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Navigating the Illinois Income and Property Tax Rebates

2022 Illinois Tax Rebate

Illinois officials recently passed legislation that puts money back in the pockets of taxpayers through a program known as the Illinois Income and Property Tax Rebates.

These rebates can be taken by most Illinois taxpayers, with some exclusions, highlighting the need to understand what it is, who qualifies, and how to claim to properly assist your tax clients throughout the process.

What is the Illinois Income and Property Tax Rebates?

As a part of the Illinois Family Relief Plan, the Illinois Income and Property Tax Rebates were announced on June 30, 2022. Illinois officials realized taxpayers were struggling with the increase in the cost of living due to high interest and inflation rates. To offset a portion of the financial struggle taxpayers face, small rebates can be claimed.

The property tax rebate amount your clients can receive is equal to the property tax credit they were qualified to claim on the 2021 IL-1040 with a maximum credit of $300 (State of Illinois). The income tax rebate works in a similar manner, allowing individuals to claim a credit of $50 each with an additional $100 per dependent, up to $300. This is one way for your clients to offset a portion of their property taxes or cost of living.

These rebates are expected to be sent out the week of September 12. Your clients can expect to wait a couple of months from this issue date to receive their money, especially if their 2021 income tax return is still on extension.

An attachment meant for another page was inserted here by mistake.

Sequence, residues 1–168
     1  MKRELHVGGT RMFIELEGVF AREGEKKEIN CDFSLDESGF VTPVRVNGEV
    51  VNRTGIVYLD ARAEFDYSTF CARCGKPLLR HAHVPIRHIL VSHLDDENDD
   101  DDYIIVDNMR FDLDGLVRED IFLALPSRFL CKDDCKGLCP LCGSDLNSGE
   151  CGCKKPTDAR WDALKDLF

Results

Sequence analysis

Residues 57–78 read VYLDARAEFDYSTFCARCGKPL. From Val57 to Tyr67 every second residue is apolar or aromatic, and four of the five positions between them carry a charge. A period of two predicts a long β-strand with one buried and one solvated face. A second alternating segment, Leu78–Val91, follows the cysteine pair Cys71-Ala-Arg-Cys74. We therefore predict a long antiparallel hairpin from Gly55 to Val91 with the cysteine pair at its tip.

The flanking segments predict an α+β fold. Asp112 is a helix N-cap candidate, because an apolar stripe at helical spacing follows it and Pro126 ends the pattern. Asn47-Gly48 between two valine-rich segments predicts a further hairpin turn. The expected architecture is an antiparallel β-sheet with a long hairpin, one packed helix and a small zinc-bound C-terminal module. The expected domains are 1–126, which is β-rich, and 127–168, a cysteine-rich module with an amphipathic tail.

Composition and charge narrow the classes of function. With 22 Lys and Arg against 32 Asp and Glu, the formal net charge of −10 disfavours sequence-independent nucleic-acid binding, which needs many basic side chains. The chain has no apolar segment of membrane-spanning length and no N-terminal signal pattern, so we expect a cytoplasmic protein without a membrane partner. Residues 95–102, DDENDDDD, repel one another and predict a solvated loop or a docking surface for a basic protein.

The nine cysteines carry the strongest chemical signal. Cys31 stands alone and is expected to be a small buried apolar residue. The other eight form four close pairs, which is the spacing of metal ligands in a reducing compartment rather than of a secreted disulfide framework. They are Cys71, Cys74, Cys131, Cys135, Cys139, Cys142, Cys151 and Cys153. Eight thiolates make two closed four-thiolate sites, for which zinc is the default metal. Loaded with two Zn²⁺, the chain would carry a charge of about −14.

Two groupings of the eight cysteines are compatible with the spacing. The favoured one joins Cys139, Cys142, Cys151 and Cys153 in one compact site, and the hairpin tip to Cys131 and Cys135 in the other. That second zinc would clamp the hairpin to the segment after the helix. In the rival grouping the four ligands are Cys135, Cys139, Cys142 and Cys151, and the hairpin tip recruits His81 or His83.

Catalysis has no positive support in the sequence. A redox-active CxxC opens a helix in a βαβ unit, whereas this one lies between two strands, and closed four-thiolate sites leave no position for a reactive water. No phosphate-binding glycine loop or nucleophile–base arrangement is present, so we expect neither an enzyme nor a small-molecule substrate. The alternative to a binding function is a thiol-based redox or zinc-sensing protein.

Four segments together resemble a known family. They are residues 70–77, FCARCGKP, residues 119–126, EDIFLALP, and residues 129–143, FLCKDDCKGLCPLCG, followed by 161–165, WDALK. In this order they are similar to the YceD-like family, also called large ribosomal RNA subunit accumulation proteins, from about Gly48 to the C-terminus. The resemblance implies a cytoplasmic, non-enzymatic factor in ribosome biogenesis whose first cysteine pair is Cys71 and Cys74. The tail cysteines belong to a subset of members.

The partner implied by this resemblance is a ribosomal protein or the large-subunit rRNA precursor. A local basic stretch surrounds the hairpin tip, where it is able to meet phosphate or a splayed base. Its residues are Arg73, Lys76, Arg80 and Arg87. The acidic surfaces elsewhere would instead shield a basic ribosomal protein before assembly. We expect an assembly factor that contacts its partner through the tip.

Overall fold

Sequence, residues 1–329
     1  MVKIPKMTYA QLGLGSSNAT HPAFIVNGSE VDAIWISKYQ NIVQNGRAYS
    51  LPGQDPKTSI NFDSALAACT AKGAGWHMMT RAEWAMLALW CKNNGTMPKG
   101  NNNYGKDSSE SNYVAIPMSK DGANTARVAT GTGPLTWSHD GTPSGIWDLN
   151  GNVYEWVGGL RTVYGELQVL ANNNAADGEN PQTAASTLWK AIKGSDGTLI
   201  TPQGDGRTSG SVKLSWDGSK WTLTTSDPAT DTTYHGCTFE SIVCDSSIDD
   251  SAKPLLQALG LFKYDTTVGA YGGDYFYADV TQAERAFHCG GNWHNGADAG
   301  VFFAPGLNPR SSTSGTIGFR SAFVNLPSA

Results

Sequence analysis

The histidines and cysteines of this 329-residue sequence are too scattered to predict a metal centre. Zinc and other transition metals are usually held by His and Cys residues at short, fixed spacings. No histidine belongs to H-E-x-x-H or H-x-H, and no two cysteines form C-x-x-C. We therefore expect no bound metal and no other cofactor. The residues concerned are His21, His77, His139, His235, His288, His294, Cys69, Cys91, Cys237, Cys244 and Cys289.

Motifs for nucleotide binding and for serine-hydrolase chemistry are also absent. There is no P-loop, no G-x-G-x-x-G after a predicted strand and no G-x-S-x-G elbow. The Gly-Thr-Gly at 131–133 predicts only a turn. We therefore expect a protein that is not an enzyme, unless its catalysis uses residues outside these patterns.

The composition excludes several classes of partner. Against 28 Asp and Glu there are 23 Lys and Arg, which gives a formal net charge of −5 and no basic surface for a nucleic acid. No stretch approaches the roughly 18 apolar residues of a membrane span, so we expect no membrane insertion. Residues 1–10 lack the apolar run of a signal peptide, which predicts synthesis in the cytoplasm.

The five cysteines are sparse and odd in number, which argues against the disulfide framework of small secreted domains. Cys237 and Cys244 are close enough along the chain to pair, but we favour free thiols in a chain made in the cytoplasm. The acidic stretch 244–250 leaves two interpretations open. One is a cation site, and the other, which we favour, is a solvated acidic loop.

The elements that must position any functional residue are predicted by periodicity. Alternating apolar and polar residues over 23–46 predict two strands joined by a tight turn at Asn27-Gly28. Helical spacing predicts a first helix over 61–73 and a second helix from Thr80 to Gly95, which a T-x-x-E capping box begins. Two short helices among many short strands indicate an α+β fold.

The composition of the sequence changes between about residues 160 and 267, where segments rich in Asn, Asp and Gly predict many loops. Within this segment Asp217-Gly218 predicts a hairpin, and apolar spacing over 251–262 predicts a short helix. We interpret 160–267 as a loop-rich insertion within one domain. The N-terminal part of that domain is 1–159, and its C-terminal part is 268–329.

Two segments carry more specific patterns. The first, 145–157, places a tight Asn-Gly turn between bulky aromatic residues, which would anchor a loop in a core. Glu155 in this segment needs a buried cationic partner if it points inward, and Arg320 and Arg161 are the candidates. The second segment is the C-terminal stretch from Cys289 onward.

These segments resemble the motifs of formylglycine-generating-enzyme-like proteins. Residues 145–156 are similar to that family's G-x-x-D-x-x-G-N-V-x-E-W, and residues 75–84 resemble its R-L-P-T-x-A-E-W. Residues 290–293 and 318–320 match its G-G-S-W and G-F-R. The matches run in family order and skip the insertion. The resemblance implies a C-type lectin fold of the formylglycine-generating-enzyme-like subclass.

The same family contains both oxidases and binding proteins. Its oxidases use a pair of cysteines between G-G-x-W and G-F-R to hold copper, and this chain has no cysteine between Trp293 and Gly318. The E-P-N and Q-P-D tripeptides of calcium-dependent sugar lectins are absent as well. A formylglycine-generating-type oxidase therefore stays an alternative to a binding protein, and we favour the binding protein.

Who Qualifies for the Property Tax Rebate?

To qualify for the property tax rebate, you must be:

  • an Illinois resident,
  • have paid property taxes in Illinois in 2020 and 2021, and
  • your adjusted gross income on the 2021 Form IL-1040 must be under $250,000 for single filers and $500,000 for joint filers.

The qualifications for the income tax rebate are similar, requiring individuals to be a resident of Illinois and have an adjusted gross income under $200,000 for single filers and $400,000 for joint filers.

Many Illinois residents won’t have a problem qualifying for the rebate, but if you have high income clients, inform them why they won’t be receiving this rebate.

How to Claim the Rebates?

The rebates are automatically issued based on your 2021 IL-1040 Schedule ICR. Qualifying individuals don’t need to file an additional form requesting the rebates. However, if a taxpayer’s return is still on extension, they have until October 17 to file the Property Tax Rebate Form to claim the property tax rebate. Individuals also have until October 17 to file their 2021 IL-1040 with Schedule E/EIC to claim the income tax rebate. The sooner this form is filed, the quicker a taxpayer can expect to receive their rebate.

The rebates will automatically be sent in the same method as the taxpayer’s income tax refund. For example, if your client elected for direct deposit, they can expect their refund to be direct deposited. If they didn’t receive an income tax refund in the prior year, file a return, or are requesting the rebate separately, then the taxpayer can expect their rebates to be sent out as a paper check to the most recent address on file with the Illinois Department of Revenue.

What is the Rebate Turnaround Time?